Who would have thought in 2001 that in 2011 we would be expecting HP 8 to be the biggest film of the year, smashing all box office records before it?
And yet, here we are, with the same characters and almost exactly the same cast, consistent across the whole franchise. Dumbledore being effectively replaced by Michael Gambon, due to the death of Richard Harris
After abruptly leaving audiences in mid story in Part 1, have the loose ends been tied and a resounding and satisfying finale been served?
The short answer is yes with some relatively minor caveats.
All of the exposition was completed in part 1 thus allowing the filmmakers free reign to make the last film, one long running battle. The opening scenes with Griphook (Warwick Davis) are noteworthy for the stillness that he brings to the role, an element that is lacking in the frenetic set pieces that follow. Swathed in make up and razor sharp teeth, he highlights the issue that has beset the films from the start, the young protagonists acting ability has always paled against the wealth of mainly English acting talent. All three have improved over the years but it’s a tough ask against the depth of acting experience on offer.
These early scenes set up an adventure to recover another Horcrux within Gringotts bank, beautifully and expensively recreated and then promptly destroyed. The effects throughout the film are outstanding, the studio obviously pushing out every boat they could find, to make this an ending worthy of the name. Tie in’s to new roller coaster rides are obvious but in 3D this is great fun, and everything is created believably within the fantasy world.
There a few flashbacks which indicate just how far the cast and crew have come from early beginnings but all of this is just delaying the inevitable final battle and showdown that everyone has paid to see. The final siege of Hogwarts, draped in protective spells, stone guards brought to life and a last stand defense by all those who remain in the Order for good.
Like a fireworks display where the biggest rockets are saved for last, everything is thrown at the screen, mostly very effectively. Characters from the past all get some screen time, albeit brief in some cases. Julie Walters (Molly Weasley) and Maggie Smith (Professor McGonagall) get the best lines of the film, Walters “Not my daughter, you bitch” receiving a round of applause from the audience, as Bellatrix is brought to account.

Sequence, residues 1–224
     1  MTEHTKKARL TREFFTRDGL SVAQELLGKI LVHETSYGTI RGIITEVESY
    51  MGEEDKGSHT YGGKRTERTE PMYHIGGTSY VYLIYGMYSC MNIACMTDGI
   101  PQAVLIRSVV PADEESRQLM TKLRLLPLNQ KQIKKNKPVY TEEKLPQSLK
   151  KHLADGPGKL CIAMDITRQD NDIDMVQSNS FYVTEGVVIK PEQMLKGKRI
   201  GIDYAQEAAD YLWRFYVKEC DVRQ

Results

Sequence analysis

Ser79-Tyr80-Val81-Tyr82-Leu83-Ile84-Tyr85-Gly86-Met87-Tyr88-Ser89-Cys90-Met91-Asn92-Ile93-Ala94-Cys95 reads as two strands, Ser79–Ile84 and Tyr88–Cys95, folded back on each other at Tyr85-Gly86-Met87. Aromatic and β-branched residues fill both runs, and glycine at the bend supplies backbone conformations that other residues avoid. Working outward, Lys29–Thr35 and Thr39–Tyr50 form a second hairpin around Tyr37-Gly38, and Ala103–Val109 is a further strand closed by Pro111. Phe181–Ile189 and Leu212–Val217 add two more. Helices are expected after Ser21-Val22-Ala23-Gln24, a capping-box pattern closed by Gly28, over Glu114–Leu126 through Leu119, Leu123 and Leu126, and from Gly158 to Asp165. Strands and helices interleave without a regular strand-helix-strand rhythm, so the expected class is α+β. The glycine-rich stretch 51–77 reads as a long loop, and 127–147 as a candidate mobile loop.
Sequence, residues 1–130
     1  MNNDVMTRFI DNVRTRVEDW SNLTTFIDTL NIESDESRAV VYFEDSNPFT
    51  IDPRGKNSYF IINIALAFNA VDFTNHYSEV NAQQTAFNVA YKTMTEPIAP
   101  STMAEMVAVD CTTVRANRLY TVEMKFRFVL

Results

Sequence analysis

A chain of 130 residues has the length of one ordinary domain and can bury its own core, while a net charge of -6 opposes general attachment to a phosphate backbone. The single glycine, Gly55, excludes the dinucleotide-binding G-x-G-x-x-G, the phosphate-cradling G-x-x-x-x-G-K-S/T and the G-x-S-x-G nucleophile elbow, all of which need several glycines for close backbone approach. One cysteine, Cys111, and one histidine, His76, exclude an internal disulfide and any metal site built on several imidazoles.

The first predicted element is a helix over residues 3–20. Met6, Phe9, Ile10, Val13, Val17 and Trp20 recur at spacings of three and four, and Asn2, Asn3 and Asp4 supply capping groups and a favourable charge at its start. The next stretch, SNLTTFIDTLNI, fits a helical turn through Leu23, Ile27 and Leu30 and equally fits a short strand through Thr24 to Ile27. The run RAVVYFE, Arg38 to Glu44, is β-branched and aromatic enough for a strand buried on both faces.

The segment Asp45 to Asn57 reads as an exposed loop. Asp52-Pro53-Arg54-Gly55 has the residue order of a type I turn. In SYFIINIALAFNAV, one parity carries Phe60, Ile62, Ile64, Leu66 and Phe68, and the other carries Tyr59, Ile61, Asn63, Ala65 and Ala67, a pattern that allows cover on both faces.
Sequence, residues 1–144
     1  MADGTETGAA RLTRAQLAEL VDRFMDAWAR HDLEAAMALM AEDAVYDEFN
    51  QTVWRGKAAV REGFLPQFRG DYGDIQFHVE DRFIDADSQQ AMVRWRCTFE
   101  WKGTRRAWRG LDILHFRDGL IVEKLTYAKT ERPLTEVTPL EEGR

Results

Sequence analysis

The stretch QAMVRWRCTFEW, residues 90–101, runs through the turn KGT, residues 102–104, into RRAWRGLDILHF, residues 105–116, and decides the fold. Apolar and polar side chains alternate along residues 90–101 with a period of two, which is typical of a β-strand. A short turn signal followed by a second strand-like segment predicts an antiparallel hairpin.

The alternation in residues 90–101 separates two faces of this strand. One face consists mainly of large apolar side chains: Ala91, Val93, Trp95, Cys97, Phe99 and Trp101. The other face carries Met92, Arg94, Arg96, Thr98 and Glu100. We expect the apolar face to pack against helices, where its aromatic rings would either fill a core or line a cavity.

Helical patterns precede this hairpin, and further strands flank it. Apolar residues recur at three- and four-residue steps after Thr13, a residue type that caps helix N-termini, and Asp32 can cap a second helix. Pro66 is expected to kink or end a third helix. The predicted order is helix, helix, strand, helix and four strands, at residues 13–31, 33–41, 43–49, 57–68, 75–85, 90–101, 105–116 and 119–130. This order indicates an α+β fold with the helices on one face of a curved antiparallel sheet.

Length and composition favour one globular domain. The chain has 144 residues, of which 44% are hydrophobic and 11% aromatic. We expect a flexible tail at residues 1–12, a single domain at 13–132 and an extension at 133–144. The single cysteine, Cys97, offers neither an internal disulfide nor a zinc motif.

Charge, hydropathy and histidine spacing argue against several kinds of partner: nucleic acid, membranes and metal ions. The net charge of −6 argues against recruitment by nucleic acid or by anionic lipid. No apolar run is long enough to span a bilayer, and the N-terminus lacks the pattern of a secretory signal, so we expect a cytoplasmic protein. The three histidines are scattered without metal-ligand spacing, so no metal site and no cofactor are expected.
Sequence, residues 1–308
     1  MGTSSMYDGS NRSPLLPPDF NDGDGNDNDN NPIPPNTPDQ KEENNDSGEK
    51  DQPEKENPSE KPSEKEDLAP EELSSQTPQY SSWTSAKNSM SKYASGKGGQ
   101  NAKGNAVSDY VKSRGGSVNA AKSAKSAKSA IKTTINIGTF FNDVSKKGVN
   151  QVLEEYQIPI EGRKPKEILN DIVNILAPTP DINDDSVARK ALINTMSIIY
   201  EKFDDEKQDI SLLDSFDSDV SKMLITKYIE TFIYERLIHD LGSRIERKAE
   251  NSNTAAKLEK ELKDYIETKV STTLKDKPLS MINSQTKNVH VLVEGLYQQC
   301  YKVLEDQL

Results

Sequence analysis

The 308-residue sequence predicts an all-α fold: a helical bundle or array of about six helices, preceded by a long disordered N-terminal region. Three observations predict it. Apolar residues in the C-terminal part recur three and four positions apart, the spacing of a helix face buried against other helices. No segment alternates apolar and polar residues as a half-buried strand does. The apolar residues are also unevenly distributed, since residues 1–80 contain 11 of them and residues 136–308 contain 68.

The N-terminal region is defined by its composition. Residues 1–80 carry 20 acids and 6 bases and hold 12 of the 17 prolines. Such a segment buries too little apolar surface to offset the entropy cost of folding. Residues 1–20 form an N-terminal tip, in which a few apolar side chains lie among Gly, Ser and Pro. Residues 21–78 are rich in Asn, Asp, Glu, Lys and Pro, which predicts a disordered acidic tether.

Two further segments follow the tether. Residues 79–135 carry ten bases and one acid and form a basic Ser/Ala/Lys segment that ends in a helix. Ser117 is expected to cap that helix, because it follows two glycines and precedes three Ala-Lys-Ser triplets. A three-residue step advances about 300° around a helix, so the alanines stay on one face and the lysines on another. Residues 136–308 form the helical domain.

Hogwarts far from the sunny refuge it offered in early films, becomes a battlefield liberally strewn with dead bodies, the Quidditch pitch is the first to be set alight. Large scale battles with colossal Trolls are reminiscent of Lord of The Rings in scale and presentation and are equally impressive.
The remainder of the books plot is explained and final motivations revealed, although the film does come to a grinding halt at one point to deal with an out of body experience. Similar to later episodes of the Matrix and Pirates of the Caribbean, this is achieved with an all white set. Whilst neccesary, is does dispel the considerable momentum built up, before the final showdown. Harry against Voldemort, Fiennes yet again achieving acting marvels below levels of constricting make up.
Few actors get a chance to shine as the last film is all about tying up loose ends and providing a spectacle, however we will miss Snape (Rickman) with his billowing cape and drawn out delivery of lines. There are poignant scenes, more so because the young threesome clearly realise this is the end of a journey that none of them could have predicted would last so long. The kiss when it comes is awkward, the actors clearly considering themselves brothers and sisters due to their shared experiences over the years.
Despite the rather questionable ending of the books, in the film all the actors are aged effectively to portray the final epilogue scenes, which if anything, play better on the screen than on the page.
Certainly Warner Brothers must be credited with providing solid, creative and expensive entertainment and could not be accused of just relying on the built in audience. Whilst every commercial avenue has been exploited, as any good business would, at least everything is built around a solid worthwhile piece of popular entertainment.
Is this really the end, well everyone tells us that it is. Rowling has written no more books although fan fiction continues apace, whether Warner Brothers will be able to walk away from such a lucrative Franchise remains to be see.
But for now, this is it, the end, Harry Potter has left the building.
For those even casually acquainted with the books or films, this will be a must see. For fans it goes without saying, this is compulsory viewing.
We have grown up with Harry Potter, some might argue it has accurately reflected the gradual shift from innocence to the current woes of the world post 9/11.
We will be sad in many ways to see it go but this is the send off the series deserves and comes highly recommended.
I just found my way here through a review on IMDB. Just wanted to say thanks for a really good blog, keep up the good work! 🙂
CHeers from Sweden!